Teaching children how to live within a budget is essential. And it is the necessary first step in teaching them, perhaps just as importantly, how to save and donate money.
In my last column, I described some of the ways I teach my kids how to manage money: I give them an allowance and require them to purchase any incidental or impulse items they want. When they are in middle school, I show my kids my bank account statements so they can see how money comes in and goes out, and how that guides my spending.
Finally, I set up each with a checking account and debit card to complement their long-standing savings account at age 16. Having to use their own money gives children the opportunity to learn how to manage finances while the stakes are still low.
Each of my children has, usually in the first year of receiving an allowance, spent their money foolishly at least once. Within days, if not hours, after the purchase, they experience their first case of buyer’s remorse. It’s an invaluable lesson.
Sometimes my boys found themselves without their wallets when wanting to make a purchase. On such occasions, I fronted the money with the understanding that they must pay me back when we return home. This worked well with two of my older boys and does today with Leif, who just turned 10.
But repeatedly, my most impulsive child, Hugo, became angry when I attempted to collect his loan. This raises an important point about parenting: It is not unfair to have different rules for different children. The Bank of Mom quickly rejected all loan applications from Hugo for the better part of 10 years. Thereafter, he became a model borrower.
Another concept I’ve loosely taught my children is the “three 10s,” that is, put 10% of your income into retirement accounts, 10% into savings accounts and give 10% to charities.
I say loosely because few 10-year-olds are interested in retirement savings. But remember, information is power. Nobody can do something they don’t know about. Talking with children about retirement savings long before they need it makes the subject less abstract and, hopefully, lays the foundation for them to begin saving that 10% as adults.
Claude and Jules have both worked for employers that automatically deducted and directed a portion of their income into retirement accounts. Hugo, who will graduate from college this spring, opened a Roth IRA last year. His contributions to his IRA are very small, but he makes one each month.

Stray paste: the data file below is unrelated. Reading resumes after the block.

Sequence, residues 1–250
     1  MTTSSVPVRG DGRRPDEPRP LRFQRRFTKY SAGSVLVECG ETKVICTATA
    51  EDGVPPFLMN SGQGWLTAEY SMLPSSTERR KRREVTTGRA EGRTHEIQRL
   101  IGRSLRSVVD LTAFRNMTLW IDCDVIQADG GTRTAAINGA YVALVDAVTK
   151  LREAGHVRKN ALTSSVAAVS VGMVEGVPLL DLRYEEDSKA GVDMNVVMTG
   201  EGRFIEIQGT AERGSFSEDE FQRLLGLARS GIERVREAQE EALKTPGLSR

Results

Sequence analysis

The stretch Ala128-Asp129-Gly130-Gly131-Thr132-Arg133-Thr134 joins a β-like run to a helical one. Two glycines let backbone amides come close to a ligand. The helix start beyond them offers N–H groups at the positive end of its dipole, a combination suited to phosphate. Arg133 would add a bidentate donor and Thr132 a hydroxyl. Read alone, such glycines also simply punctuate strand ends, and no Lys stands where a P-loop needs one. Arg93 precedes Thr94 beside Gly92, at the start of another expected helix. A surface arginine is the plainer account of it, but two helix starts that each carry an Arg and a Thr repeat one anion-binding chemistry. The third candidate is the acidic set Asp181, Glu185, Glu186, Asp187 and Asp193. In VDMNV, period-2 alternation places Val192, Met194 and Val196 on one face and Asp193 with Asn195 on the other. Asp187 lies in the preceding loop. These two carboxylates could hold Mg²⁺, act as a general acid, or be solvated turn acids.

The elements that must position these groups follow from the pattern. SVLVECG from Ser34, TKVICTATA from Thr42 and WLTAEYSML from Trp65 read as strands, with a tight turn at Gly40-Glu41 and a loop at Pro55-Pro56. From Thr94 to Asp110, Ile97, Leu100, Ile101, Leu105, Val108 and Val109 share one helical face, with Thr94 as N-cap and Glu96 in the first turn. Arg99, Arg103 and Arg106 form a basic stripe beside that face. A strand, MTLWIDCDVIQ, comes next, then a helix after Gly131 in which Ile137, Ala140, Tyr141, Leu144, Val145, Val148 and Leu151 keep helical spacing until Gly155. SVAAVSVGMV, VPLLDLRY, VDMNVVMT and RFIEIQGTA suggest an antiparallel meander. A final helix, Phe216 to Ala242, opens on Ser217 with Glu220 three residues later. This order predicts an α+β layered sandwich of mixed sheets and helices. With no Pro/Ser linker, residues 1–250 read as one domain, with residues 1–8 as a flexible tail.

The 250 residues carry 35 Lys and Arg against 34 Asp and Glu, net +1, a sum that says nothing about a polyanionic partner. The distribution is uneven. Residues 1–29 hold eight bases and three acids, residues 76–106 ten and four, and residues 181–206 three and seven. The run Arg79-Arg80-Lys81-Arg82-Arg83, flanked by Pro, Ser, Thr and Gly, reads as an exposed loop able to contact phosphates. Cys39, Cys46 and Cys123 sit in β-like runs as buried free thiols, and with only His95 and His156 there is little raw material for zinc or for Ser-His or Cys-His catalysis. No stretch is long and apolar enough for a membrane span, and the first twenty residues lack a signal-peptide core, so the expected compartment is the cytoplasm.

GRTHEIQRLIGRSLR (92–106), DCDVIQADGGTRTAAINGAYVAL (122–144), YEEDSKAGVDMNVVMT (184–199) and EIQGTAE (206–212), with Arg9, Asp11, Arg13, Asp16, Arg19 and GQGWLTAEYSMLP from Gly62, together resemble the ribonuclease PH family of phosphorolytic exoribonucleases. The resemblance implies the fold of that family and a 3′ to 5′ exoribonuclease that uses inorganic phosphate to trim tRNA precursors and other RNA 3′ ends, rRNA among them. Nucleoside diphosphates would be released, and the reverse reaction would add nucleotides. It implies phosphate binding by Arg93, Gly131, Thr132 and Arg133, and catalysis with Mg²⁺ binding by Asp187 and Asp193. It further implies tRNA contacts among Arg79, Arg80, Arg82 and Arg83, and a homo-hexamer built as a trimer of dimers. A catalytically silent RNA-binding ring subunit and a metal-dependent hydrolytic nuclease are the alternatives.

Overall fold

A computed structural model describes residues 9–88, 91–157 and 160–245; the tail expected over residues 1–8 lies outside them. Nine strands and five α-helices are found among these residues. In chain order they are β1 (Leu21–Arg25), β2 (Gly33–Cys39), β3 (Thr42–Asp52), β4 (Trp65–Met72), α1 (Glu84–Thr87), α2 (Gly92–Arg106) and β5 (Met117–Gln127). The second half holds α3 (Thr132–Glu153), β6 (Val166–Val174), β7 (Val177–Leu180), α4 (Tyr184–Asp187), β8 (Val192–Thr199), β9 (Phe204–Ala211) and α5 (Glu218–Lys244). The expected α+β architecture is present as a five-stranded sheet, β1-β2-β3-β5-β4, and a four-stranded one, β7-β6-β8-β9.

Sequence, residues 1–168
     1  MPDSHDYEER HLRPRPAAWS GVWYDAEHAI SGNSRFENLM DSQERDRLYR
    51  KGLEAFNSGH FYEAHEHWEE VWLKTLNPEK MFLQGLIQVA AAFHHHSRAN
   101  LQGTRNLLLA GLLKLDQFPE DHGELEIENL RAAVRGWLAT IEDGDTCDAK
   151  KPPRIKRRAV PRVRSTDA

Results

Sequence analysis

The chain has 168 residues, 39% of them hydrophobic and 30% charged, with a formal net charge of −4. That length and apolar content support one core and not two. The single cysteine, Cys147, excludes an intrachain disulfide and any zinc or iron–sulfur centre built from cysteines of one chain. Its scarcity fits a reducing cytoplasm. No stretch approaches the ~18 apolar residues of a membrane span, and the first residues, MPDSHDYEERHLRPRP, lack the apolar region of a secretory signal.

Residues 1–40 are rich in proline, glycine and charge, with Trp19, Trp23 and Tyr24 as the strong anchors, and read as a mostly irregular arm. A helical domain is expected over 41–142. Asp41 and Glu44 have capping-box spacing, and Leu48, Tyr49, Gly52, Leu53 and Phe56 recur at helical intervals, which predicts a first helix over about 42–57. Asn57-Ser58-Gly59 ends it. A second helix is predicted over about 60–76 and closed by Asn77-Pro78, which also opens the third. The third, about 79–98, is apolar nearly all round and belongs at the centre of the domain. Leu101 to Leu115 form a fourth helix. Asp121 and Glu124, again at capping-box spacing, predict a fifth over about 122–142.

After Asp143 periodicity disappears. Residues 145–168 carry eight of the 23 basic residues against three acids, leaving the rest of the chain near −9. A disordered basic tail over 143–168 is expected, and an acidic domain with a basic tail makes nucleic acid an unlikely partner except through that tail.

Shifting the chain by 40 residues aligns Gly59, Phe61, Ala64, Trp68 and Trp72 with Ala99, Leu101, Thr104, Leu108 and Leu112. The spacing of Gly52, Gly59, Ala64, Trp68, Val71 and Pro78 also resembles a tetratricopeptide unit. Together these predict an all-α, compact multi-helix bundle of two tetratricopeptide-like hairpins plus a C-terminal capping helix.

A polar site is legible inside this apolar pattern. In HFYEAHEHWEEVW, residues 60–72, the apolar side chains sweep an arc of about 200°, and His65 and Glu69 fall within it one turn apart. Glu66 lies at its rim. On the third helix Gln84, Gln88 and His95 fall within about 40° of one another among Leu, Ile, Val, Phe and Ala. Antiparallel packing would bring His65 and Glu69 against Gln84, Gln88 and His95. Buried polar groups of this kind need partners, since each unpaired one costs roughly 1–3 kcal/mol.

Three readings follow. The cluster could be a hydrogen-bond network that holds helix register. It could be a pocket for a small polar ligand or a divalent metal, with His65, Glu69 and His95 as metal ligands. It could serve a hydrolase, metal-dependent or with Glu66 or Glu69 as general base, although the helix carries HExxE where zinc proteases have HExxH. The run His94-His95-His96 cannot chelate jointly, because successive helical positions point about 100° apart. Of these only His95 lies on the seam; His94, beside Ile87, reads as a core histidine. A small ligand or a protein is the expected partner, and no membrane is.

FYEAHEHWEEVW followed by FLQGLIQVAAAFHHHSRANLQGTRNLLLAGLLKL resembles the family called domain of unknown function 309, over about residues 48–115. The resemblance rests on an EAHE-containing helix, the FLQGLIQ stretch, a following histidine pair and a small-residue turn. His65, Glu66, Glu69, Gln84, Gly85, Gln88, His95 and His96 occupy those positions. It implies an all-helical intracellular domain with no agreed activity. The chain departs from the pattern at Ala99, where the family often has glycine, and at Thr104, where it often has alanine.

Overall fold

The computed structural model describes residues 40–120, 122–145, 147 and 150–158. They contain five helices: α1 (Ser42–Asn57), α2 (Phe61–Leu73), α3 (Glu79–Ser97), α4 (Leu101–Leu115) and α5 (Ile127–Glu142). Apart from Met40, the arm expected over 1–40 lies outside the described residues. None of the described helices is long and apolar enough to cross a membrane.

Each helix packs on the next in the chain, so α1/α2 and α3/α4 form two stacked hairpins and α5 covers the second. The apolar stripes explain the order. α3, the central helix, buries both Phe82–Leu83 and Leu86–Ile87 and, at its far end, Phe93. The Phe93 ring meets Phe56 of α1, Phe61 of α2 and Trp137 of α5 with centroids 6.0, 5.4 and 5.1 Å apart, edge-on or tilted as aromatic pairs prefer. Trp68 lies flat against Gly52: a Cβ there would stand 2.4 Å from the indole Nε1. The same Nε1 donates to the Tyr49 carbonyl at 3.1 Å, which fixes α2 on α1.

All my children receive their first savings accounts soon after birth. Thereafter, I deposit all birthday and holiday money they receive into these accounts. By the time they begin earning allowance, each child already has a few hundred dollars in the bank.
After Jules lost his wallet containing more than $50 when he was 8, I stopped paying the boys’ allowances in cash. Instead, I transferred the money online from my checking account to their savings accounts. While protecting the boys from carrying too much money, this also made it simple for me to verify how much I owed them. For it’s easy to forget to pay allowance and hard to remember the last time you did.
I give slightly more than 10% of my income each year to charities, most through recurring monthly donations taken from a dedicated credit card. Occasionally I make one-time gifts to other charities, particularly if asked by someone I know.
Charitable giving is best done as an act of self-determination. Forcing kids to donate their money can create resentment, which makes the lesson of giving backfire. At the end of most years, when the bounty of our lives is readily apparent, I share with my children radio programs or articles on philanthropy (which are easy to find in December).
I do, however, make my children donate their time. They never resist and I suspect it’s because we volunteer together and I don’t pose it as optional. “Today we are going to work at Crown Point farm,” I’ll say, or, “This Saturday, we are working on a project at the school.” Volunteering for something you care about can be fulfilling, with no downside to starting young.
Have the lessons you’ve tried to teach your children taken root in their behavior? It’s impossible to tell when they are with you. The answer lies in what kids do when away from their parents. Nothing makes me happier than having another adult tell me my young children were polite or helpful while in that person’s care.
As adults, my big boys continue to work for groups and causes on their own. Claude spent months organizing for the 2018 election and helps coach middle school distance runners. Jules has been canvassing for a candidate in Columbus where he’s attending Ohio State University. And then there’s Hugo. He has been a mega volunteer for multiple programs in college.
All the big boys are now headed into helping careers in public policy, nonprofit management, education and the environment. They’ve each told me that making a difference is not just important — for them it’s essential to finding career satisfaction. It’s not likely they’ll make as much money as their friends in finance or engineering, but they’ll make enough. More importantly, they’ll enjoy the riches of lives well spent.